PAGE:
White House says Trump stands by voter fraud belief, ‘millions’ voted illegally
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White House says Trump stands by voter fraud belief, ‘millions’ voted illegally

There is no public evidence of widespread illegal voting in last year’s poll.

Donald Trump Presidency Updated: Jan 30, 2017 18:08 IST
Reuters, Washington
White House,Donald Trump,Sean Spicer
President Donald Trump speaks during his meeting with automobile leaders in the Roosevelt Room of the White House in Washington, Tuesday, Jan 24.(AP Photo)

President Donald Trump stands by his belief that millions ofpeople voted illegally in the US election, the White House said on Tuesday, despite widespread evidence to the contrary.

“The president does believe that,” White House spokesman Sean Spicer told reporters.

State officials in charge of the Nov 8 election have said they found no evidence of widespread voter fraud and there is no history of it in US elections. Even House of Representatives Speaker Paul Ryan, the most senior Republican in Congress, said he had seen no evidence to back up Trump’s claims.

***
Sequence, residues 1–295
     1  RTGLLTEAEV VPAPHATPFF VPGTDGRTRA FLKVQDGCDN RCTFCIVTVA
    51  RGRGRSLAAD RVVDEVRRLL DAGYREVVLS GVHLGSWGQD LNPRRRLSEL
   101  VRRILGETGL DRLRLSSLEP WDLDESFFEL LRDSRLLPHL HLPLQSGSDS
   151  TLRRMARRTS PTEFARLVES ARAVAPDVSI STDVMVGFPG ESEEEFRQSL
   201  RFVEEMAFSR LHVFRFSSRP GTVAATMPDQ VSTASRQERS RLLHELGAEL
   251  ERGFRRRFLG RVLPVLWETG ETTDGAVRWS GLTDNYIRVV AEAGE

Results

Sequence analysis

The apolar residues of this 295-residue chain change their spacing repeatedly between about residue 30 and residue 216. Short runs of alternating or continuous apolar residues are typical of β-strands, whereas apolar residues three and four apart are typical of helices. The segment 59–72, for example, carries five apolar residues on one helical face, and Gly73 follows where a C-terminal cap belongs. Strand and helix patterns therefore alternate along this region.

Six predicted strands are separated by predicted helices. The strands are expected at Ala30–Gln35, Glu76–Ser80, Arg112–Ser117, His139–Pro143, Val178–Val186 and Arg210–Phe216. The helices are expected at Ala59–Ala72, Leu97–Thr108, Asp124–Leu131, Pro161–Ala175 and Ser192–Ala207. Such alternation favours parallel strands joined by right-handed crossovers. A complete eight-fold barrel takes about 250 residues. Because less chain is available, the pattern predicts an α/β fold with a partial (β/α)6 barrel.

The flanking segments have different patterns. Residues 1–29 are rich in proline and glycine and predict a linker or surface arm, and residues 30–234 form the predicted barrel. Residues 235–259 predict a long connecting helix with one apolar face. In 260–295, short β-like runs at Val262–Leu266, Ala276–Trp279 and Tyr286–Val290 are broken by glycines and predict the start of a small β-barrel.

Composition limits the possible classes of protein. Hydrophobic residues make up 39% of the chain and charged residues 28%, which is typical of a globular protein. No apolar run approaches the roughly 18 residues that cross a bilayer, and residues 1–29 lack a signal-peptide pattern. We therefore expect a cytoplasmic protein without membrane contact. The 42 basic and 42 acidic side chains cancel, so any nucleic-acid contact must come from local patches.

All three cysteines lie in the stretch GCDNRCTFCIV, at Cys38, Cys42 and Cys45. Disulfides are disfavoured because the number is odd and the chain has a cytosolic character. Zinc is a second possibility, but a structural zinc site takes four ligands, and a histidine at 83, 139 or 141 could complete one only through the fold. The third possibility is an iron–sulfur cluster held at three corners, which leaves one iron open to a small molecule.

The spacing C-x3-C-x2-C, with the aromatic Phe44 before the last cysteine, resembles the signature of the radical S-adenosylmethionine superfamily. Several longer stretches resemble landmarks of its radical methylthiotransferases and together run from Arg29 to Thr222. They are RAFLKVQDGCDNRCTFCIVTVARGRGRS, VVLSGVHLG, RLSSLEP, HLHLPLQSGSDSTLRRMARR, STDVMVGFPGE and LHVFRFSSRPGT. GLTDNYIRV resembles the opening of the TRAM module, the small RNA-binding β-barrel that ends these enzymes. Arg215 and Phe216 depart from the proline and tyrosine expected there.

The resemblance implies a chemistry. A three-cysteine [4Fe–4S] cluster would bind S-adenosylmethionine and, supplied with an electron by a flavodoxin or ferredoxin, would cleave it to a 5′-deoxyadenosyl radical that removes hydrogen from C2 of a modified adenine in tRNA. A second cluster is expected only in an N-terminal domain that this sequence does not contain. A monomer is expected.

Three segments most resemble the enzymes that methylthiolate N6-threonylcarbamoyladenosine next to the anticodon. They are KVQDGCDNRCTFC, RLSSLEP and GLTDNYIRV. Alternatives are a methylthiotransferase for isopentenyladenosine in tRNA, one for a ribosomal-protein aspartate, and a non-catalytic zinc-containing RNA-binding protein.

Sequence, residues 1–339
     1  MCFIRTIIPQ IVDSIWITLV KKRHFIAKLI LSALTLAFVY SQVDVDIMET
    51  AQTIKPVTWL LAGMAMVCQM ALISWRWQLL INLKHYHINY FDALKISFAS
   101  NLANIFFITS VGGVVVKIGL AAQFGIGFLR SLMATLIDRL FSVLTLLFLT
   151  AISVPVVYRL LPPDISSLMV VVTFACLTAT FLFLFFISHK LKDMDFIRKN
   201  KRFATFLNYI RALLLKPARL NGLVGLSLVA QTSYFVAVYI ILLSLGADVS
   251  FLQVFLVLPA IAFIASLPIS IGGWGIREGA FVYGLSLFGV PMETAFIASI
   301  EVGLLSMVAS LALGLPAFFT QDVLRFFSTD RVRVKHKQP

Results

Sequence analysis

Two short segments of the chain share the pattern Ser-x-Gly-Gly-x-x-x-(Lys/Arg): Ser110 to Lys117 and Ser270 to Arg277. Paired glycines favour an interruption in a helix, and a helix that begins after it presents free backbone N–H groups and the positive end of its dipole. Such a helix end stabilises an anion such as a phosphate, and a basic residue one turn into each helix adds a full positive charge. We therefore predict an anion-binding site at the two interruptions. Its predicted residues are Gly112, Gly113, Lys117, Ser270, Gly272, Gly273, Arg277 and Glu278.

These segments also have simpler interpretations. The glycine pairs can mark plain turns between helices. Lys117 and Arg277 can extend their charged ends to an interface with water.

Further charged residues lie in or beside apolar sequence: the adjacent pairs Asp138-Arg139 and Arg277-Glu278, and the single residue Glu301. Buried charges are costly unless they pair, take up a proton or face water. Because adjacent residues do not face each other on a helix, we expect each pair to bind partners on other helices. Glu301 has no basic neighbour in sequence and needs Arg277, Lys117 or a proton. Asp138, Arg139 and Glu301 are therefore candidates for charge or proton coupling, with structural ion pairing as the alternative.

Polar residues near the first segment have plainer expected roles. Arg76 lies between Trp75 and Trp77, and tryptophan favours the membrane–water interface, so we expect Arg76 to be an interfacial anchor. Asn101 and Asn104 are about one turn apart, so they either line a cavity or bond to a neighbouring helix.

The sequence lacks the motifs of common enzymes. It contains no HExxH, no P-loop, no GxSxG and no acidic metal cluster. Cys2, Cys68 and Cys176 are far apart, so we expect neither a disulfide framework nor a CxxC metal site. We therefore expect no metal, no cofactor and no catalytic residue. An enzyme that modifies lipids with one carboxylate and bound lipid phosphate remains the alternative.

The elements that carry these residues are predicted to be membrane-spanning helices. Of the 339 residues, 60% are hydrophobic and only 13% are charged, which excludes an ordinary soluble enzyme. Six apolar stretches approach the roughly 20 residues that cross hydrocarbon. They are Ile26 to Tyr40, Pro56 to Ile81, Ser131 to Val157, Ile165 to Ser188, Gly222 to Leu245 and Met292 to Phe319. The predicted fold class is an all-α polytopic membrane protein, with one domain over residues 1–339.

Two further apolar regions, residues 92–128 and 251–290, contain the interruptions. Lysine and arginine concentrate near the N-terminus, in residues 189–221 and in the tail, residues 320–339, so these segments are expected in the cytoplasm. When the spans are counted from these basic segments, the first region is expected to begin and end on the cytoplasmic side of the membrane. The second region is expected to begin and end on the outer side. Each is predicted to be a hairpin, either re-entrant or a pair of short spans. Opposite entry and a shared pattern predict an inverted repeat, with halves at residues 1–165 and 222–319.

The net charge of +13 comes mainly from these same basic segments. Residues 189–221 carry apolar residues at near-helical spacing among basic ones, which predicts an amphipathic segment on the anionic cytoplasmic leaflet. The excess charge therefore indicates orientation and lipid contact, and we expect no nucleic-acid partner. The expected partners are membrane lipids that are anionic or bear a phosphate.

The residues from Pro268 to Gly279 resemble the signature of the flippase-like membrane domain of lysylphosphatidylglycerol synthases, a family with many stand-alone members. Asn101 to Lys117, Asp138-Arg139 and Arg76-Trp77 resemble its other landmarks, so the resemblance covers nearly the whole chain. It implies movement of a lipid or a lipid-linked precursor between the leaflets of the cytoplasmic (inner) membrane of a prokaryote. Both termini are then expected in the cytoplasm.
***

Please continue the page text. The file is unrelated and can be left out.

Republican Trump won the Electoral College that decides the presidency and gives smaller states more clout in the outcome, but he lost the popular vote to Democratic rival Hillary Clinton by about 2.9 million.

Trump has repeatedly said he would have won the popular vote, too, but for voter fraud. He has never substantiated his claim.

The comments were the latest in a series of distractions in the opening days of the Trump administration that run the risk of overshadowing his legislative goals and efforts to advance policy proposals.

On Saturday, the day after his inauguration as the 45th president of the United States, Trump complained about media coverage of the crowds that attended his swearing-in ceremony and described journalistsas “among the most dishonest people on Earth.”

First Published: Jan 25, 2017 10:23 IST